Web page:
This report discusses the rise in economic inequality in the United States and suggests that outdated social policies carried over from the industrial age are no longer suited to tackle modern economic problems. The authors offer the proposition that social workers are in unique positions to address this inequality, due to the profession’s history of addressing financial oppression.

  • Sherraden, M. S. 2017. Financial capability. In Encyclopedia of social work. Edited by C. Franklin. Oxford Research Encyclopedias. New York: Oxford Univ. Press.

    DOI: 10.1093/acrefore/9780199975839.013.1201

    This entry provides a general overview of financial capability and its overall relevance to more-healthful financial functioning. The author discusses ways of building financial capability, such as promoting financial education (e.g., financial literacy) and opportunity.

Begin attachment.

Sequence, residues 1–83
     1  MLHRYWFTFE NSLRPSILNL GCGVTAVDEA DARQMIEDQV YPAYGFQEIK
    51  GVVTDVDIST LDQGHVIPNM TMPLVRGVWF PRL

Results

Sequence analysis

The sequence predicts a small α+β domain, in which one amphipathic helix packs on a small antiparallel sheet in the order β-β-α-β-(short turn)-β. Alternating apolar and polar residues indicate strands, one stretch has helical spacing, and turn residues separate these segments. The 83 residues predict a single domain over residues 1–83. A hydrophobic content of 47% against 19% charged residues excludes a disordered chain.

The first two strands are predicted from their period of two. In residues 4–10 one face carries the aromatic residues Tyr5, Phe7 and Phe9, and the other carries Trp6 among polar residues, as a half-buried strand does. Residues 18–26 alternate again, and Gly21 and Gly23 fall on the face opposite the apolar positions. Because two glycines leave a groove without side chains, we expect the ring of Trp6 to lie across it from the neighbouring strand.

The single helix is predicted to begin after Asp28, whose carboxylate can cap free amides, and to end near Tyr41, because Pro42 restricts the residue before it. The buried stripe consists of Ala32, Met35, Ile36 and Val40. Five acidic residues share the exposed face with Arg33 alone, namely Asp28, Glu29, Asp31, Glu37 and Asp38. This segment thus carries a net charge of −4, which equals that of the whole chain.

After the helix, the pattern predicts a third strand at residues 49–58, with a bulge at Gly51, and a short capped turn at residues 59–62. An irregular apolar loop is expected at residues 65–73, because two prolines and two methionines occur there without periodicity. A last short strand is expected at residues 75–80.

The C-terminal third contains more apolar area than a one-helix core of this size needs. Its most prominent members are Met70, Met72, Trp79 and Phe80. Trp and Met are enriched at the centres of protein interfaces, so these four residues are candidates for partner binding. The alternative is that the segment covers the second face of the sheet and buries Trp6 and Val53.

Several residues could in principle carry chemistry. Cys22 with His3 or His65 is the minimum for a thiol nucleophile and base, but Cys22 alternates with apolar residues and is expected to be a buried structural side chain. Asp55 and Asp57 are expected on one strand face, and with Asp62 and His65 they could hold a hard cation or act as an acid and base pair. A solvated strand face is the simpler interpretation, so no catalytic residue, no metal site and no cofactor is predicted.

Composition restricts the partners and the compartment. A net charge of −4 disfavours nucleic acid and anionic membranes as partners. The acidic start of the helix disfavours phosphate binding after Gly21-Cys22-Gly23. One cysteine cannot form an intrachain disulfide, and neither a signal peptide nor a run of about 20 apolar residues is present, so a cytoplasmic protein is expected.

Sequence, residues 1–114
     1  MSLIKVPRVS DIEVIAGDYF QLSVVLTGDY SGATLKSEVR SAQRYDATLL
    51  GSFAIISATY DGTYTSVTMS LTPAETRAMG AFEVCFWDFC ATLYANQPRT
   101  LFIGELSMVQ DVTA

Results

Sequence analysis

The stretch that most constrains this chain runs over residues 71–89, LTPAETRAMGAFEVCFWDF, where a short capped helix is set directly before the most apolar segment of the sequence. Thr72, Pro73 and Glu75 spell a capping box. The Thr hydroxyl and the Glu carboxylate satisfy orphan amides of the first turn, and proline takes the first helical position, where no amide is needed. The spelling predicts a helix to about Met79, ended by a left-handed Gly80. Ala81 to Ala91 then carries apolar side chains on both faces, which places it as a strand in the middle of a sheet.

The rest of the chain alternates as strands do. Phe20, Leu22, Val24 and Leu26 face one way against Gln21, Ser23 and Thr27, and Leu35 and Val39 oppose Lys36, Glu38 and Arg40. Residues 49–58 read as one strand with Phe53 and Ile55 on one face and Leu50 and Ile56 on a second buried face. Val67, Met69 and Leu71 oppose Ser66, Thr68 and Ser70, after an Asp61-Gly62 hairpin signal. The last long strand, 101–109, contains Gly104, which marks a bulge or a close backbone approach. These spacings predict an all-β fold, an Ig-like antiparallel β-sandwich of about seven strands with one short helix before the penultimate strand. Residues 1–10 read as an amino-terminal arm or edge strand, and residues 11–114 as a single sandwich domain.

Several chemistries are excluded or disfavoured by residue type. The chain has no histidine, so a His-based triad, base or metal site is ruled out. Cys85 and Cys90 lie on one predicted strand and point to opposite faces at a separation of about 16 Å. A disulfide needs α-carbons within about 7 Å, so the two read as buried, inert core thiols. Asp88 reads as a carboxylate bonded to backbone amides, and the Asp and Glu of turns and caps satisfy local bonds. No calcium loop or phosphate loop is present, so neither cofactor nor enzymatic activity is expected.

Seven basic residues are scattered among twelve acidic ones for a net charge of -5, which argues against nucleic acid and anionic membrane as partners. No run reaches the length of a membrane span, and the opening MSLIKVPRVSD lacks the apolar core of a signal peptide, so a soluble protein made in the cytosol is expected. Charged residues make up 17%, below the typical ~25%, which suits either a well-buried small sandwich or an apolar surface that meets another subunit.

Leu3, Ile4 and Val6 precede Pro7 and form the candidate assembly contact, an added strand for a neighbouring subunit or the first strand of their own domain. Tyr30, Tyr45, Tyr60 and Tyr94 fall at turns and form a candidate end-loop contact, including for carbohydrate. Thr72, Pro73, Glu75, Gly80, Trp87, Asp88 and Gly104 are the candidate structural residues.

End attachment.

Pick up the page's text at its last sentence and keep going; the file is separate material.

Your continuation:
• Sherraden, M. S., J. J. Frey, and J. Birkenmaier. 2016. Financial social work. In Handbook of consumer finance research. 2d ed. Edited by Jing Jian Xiao, 115–127. Cham, Switzerland: Springer International.

    This chapter presents an in-depth overview of financial social work, underscoring the role of social workers in combating inequality in poverty among vulnerable populations by promoting financial stability, financial capability, and asset building through direct practice, policy, and research.

  • Sherraden, M. S., J. Huang, J. J. Frey, et al. 2015. Financial capability and asset building for all. Grand Challenges for Social Work Initiative, Working Paper 13. Cleveland, OH: American Academy of Social Work & Social Welfare.